When you do take him to the car and lead him inside, be sure NOT to pander to him if he is acting submissively. If he is acting submissively you MUST ignore this behavior rather than react to it. You need him to see that it is NOT a good thing to act submissively at all. Many owners tend to tell their dogs it is OK and try to soothe and pat them, but this only encourages a dog to act his way. Ignoring does the opposite. Once your dog is in the car and if he doesn't appear submissive or TOO concerned, give him HEAPS of praise and food treats for being a good boy. I realize that you are trying this but just keep consistently ignoring his behavior and rewarding the good behavior for the next couple of months and as OFTEN as possible.

During the trip itself, it may be the fact that Basil can see out of the car that makes him feel uncomfortable. For this reason, he may feel happier traveling with you in the car, if he is confined to a crate in the back seat or in the back of the vehicle. This will be up to you to decipher obviously, but for many dogs this is true. For other dogs, they become anxious when they CAN'T see where they're going. In these situations, you need to allow Basil to be able to see out the window. There are plenty of car accessories available for dogs to help them feel more comfortable and secure, ranging from seat belts and harnesses to crates. It may also be a good idea to spray DAP (Dog Appeasing Pheromone – available from most pet stores) in all of your vehicles to try and help calm Basil's nerves when traveling, or give him a few drops of Rescue Remedy before your trip.

Keep the rides short for the next couple of months and continue to make the destinations happy and rewarding. It will definitely take slow progressions to help Basil get used to traveling, Try not to put Basil into a kennel if you have already planned to go away. With time, you can extend the length of the car trips, but always try and make the journey as fun and relaxed as possible and always be sure not to reward or pander to submissive or anxious behaviors.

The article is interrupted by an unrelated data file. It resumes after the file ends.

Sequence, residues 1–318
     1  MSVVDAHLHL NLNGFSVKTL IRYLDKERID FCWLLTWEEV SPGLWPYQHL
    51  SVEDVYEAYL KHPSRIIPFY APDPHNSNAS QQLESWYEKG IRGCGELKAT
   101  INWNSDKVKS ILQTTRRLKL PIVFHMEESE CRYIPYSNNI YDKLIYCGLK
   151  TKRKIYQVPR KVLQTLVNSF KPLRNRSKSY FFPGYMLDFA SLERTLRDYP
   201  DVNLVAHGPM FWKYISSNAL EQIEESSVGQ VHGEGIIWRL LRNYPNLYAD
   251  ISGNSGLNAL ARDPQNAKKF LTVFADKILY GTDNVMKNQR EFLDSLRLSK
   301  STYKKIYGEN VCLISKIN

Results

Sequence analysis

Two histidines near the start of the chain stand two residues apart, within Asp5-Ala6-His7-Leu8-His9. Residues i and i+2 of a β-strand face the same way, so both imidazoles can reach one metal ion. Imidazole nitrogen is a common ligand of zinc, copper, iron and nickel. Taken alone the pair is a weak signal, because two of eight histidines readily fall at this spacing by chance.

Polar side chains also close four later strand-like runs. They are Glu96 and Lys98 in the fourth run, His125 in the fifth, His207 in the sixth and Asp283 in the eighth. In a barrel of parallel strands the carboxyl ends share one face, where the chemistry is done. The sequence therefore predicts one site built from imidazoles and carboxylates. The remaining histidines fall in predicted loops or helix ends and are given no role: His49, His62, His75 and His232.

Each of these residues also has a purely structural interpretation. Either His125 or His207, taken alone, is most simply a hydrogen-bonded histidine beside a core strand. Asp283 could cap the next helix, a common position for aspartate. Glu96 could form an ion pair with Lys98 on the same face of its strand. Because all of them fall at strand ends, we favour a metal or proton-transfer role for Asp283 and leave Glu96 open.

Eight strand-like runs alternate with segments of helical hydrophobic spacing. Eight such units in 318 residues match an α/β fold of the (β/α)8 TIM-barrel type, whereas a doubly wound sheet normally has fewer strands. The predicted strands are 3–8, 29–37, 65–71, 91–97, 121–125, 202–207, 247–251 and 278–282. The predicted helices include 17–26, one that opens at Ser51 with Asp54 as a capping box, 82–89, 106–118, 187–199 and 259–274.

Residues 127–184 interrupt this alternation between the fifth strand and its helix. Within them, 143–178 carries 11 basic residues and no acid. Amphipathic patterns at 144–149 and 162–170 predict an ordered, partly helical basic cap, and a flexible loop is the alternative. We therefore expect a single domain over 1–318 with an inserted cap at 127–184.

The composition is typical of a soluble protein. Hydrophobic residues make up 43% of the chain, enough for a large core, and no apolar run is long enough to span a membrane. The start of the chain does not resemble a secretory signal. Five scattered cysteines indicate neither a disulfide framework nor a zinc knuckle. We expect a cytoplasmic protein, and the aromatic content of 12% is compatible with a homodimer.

I also think it would be a good idea to ensure that you are the Alpha to your dog at all stages. This is really important as he needs to realize that he has to follow your commands at all times instead of just ignoring them. He will also feel more secure knowing that he has a strong and confident leader whom he can look up to.

I recommend that you and your family read the bonus book "Secrets to becoming the Alpha Dog". This book will give you a good understanding of the hierarchical nature and behavior of your dog. Follow the tips in this book as much as possible and you should get good results within a couple of weeks.

If you are consistent with this training he will realize that he is the bottom of the pack and it should make training him a lot easier. Always remember, reward the behaviors that you do want and reprimand or ignore behaviors that you don't want.

Best of luck with Basil. I am sure that if you take things slowly and if you are consistent, that you will have every success with him. Please let us know how you progress.


Daniel Stevens and the Secrets to Dog Training Team

"Secrets to Dog Training - STOP Dog Behavior Problems!"

Hi, my name’s Daniel Stevens, I’m the creator of Secrets to Dog Training.

I've been a professional dog trainer for well over 20 years, and in that time I've helped thousands of dog owners just like you to get the friendly, well behaved, slipper fetching, best pal they always wanted.

But it didn't start out that way. I've always loved dogs, some things never change. But when I first started my professional dog training career I relied on the so-called 'best practices' when it came to dog behavior training. It was only when I heard people tell me over and over again that they just weren't seeing results that I started to question the old accepted wisdom. So I started a journey, a quest to search out the best, most effective, techniques, tips, and tricks that really work.

And that's how I came up with Secrets to Dog Training. Year after year I found new techniques that achieved the results I wanted. Eventually I had a whole book worth of great resources: Secrets to Dog training...

So, if you want to:

  • TRAIN your dog effectively
  • CARE for your dog the way they deserve
  • UNDERSTAND just why your dog behaves the way they do
  • NURTURE a life-long relationship with your dog that you'll cherish

Then Secrets to Dog Training is just what you've been looking for!